I found several varieties of Tinkyada’s gluten-free pasta at Publix supermarket in their “green” section. I tried the rotini/spirals first. The label’s statement of “not mushy” and “perfect al dente texture” had me skeptical, but the claims turned out to be honest. It came out with excellent texture and consistency, it tasted like pasta, held together like pasta, chewed like pasta, and worked nicely with the sauce actually better than pasta (it was slightly more absorbent). It did tend to stick together more than wheat pasta once it cooled off in the colander; future tests with butter or olive oil will need to be done, to see if I can get it to stick less. It wasn’t a problem, though, as the stuck-together portions came apart again once I mixed in the sauce.

The instructions to boil for 14-15 minutes I found to be a bit excessive; I found 13 minutes to be more than adequate for my preferences.

Ultimately, it is an excellent product and I am overjoyed that I can eat pasta again.

Tinkyada pasta’s website is here, at www.ricepasta.com

This is an excerpt from my book (see links for editions in print and Kindle, in English and Spanish). Studying the search-terms that bring traffic to the blog, I thought it might be a good idea to post this information to the general public.

The Coeliac Connection

Coeliac Disease (spelled Celiac in the USA) is an autoimmune disorder caused by a reaction to gliadin, a gluten protein found in wheat. The reaction causes inflammation of the small intestine, which leads to atrophy of the vilii (surface cells), which then causes malabsorption of nutrients. Coeliac Disease is not a symptom of gall bladder dysfunction, but it can definitely be a cause. If you are suffering from gall bladder problems you should definitely be screened for Coeliac Disease. It affects about 1% of the population in the USA.

Coeliac Disease gets in the way of proper gall bladder function by dampening or canceling out the Cholecystokinin (CCK) signal sent from the duodenum. If the duodenum can’t sense fat content because its lining is inflamed or atrophied, it doesn’t know to send the CCK and call the gall bladder to action.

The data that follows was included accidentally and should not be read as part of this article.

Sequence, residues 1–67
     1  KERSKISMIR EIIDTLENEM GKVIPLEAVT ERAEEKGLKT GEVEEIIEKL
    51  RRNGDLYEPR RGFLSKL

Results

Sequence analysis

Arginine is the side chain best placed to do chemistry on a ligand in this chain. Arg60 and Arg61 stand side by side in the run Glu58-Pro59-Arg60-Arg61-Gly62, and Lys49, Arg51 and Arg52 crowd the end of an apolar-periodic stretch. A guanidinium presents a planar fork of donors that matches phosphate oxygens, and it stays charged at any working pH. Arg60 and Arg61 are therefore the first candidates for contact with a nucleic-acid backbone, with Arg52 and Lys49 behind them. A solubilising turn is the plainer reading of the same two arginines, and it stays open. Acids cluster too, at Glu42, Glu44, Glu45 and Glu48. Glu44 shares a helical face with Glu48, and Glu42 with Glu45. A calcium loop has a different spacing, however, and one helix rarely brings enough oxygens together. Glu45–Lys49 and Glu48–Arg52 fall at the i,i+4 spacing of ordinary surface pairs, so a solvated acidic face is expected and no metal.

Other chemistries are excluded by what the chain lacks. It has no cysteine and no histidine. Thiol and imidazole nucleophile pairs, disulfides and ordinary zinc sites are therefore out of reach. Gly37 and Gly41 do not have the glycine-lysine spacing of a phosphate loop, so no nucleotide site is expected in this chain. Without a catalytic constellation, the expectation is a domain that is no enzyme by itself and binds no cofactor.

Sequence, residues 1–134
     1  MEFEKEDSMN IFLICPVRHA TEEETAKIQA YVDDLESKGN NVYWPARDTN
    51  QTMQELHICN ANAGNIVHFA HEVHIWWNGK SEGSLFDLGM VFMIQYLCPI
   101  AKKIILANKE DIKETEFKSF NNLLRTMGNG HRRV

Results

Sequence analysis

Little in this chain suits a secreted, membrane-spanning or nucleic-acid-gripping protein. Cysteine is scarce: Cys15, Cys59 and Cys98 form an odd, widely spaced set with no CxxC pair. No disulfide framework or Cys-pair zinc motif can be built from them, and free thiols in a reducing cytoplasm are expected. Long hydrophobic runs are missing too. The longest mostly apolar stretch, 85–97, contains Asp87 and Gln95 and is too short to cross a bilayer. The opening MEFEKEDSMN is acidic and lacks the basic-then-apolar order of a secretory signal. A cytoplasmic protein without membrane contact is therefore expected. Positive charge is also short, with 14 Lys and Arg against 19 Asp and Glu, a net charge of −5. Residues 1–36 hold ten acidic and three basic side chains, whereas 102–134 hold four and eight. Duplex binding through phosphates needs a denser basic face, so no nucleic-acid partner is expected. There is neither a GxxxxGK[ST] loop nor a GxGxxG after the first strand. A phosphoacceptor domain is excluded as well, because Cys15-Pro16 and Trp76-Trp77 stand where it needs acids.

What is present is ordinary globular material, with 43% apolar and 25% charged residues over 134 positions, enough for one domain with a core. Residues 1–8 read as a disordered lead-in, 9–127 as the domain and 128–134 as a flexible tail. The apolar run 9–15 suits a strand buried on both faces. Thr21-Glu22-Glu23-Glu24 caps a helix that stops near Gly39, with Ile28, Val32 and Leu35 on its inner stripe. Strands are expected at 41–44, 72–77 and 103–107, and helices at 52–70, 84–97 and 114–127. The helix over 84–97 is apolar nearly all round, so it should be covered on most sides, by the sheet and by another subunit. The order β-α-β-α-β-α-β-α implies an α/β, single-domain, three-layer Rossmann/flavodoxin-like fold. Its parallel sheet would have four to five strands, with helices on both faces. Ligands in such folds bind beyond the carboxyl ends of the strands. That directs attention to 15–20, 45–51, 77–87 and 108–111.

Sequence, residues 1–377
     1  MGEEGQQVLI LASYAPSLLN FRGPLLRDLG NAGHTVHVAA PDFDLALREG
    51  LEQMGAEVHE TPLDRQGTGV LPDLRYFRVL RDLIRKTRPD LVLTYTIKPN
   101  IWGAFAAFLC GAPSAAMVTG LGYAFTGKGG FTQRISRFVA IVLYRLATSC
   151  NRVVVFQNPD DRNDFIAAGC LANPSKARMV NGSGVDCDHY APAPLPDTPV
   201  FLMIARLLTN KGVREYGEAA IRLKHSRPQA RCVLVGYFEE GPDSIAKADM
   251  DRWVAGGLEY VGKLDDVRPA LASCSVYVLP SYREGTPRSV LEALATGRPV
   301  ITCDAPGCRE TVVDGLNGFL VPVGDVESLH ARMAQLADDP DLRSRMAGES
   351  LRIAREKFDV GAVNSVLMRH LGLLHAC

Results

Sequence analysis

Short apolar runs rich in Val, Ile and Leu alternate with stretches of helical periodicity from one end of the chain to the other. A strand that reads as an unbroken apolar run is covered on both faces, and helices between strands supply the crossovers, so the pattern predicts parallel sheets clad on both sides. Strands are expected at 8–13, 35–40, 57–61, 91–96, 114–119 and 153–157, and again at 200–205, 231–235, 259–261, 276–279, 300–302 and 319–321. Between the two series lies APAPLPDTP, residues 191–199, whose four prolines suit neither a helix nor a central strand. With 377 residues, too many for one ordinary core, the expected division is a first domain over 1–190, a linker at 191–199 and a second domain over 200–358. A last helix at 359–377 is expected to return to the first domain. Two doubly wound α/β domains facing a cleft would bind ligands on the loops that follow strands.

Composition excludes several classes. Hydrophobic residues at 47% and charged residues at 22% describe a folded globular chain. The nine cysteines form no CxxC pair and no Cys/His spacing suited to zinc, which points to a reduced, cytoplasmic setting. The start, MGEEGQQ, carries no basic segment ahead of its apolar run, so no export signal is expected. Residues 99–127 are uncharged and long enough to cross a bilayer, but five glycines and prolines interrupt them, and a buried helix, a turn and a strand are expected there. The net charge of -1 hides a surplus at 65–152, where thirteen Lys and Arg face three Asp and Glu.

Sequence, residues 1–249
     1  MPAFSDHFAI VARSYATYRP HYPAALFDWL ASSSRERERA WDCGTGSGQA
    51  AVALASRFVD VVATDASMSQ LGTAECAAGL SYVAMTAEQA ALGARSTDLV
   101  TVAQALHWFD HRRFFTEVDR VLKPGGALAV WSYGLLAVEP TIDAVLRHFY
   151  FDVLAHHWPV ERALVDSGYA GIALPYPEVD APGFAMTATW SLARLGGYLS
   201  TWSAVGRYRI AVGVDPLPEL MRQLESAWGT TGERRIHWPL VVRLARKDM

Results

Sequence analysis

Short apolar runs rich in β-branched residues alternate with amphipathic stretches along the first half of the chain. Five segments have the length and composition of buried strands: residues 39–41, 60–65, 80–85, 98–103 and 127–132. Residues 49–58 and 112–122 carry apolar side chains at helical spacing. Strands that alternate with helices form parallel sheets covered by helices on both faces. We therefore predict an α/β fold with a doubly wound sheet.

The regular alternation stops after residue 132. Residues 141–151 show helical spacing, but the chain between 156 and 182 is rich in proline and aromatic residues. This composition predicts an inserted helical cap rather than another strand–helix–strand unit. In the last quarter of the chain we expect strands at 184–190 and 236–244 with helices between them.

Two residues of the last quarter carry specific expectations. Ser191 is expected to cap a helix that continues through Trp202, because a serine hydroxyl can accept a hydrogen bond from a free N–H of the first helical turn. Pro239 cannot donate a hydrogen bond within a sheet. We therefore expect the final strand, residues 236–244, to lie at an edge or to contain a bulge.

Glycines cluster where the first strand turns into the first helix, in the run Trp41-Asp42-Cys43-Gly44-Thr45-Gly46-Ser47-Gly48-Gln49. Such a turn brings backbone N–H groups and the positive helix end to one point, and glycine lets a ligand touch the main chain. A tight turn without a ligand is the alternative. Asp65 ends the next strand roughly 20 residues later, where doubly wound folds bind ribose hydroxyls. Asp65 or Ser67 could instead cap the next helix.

The gall bladder, not getting the proper signal, either sits idle waiting or does an inadequate job and doesn’t give 100% effort. Therefore bile doesn’t circulate properly, it has a greater opportunity to settle and crystallize, and the chance of gallstone formation is greatly increased.

Not only does Coeliac Disease cause malabsorption of nutrients in general due to its inflammatory nature, but its problems are further compounded by a double dose of malabsorption caused by reduced bile output from a lazy or unresponsive gall bladder. As the atrophy of the intestinal lining worsens over time, more symptoms and digestive disorders can result (such as lactose intolerance).

Symptoms of Coeliac Disease:

  • Diarrhea: often pale and foul-smelling

  • Abdominal pain and cramping

  • Bloating

  • Often misdiagnosed as IBS (Irritable Bowel Syndrome)

  • Vitamin A, D, E, and K deficiencies

  • Calcium malabsorption/deficiency

  • Bacterial overgrowth in the bowels

  • Dermatitis Herpetiformis (DH), an itchy skin rash

  • Mouth ulcers

  • Hypothyroidism

  • Iron deficiency

  • Chronic fatigue

  • Osteoporosis

  • Intestinal cancer

  • Sterility

Getting tested for Coeliac Disease:

Blood tests are the fastest way to screen for Coeliac Disease. The tests you should get are as follows:

  • IgA or tTG antibodies: Sensitivity 90%, Specificity 99%. IgA means anti-transglutamase antibodies. These antibodies are very specific, occurring 100% in people with Coeliac Disease, and 80% in people with DH (Dermatitis Herpetiformis). IgA is also called tTG (tissue trans-glutamase). If your test comes back IgA positive, there is a 97% chance that you have Coeliac Disease. This test does give occasional false-negatives; if you test negative, there is only a 71% chance that the negative result is accurate.

  • IgG anti-gliadin antibodies: Sensitivity 87%, Specificity 91%. This test shows positive results more readily but does not have as strong a correlation to proving Coeliac Disease. For ecample, IgG-positive results show up in 21% of people suffering from non-Coeliac digestive disorders. This test may not provide as good a test-positive result as the IgA/tTG but it provides less false-negatives, and therefore should be done at the same time.

Other testing methods:

  • Endoscopy with biopsy of duodenum or jejunum. Most Coeliac sufferers have a bowel that appears normal through the endoscope but inspection of a tissue sample viewed through a microscope reveals proof of the disease.

What to do if you have Coeliac Disease:

Presently, the only cure is to go on a gluten-free diet for the rest of your life. There are no miracle medications. Fortunately the solution requires only willpower, and costs nothing extra. In time, the intestinal walls will heal and the symptoms will abate or disappear completely.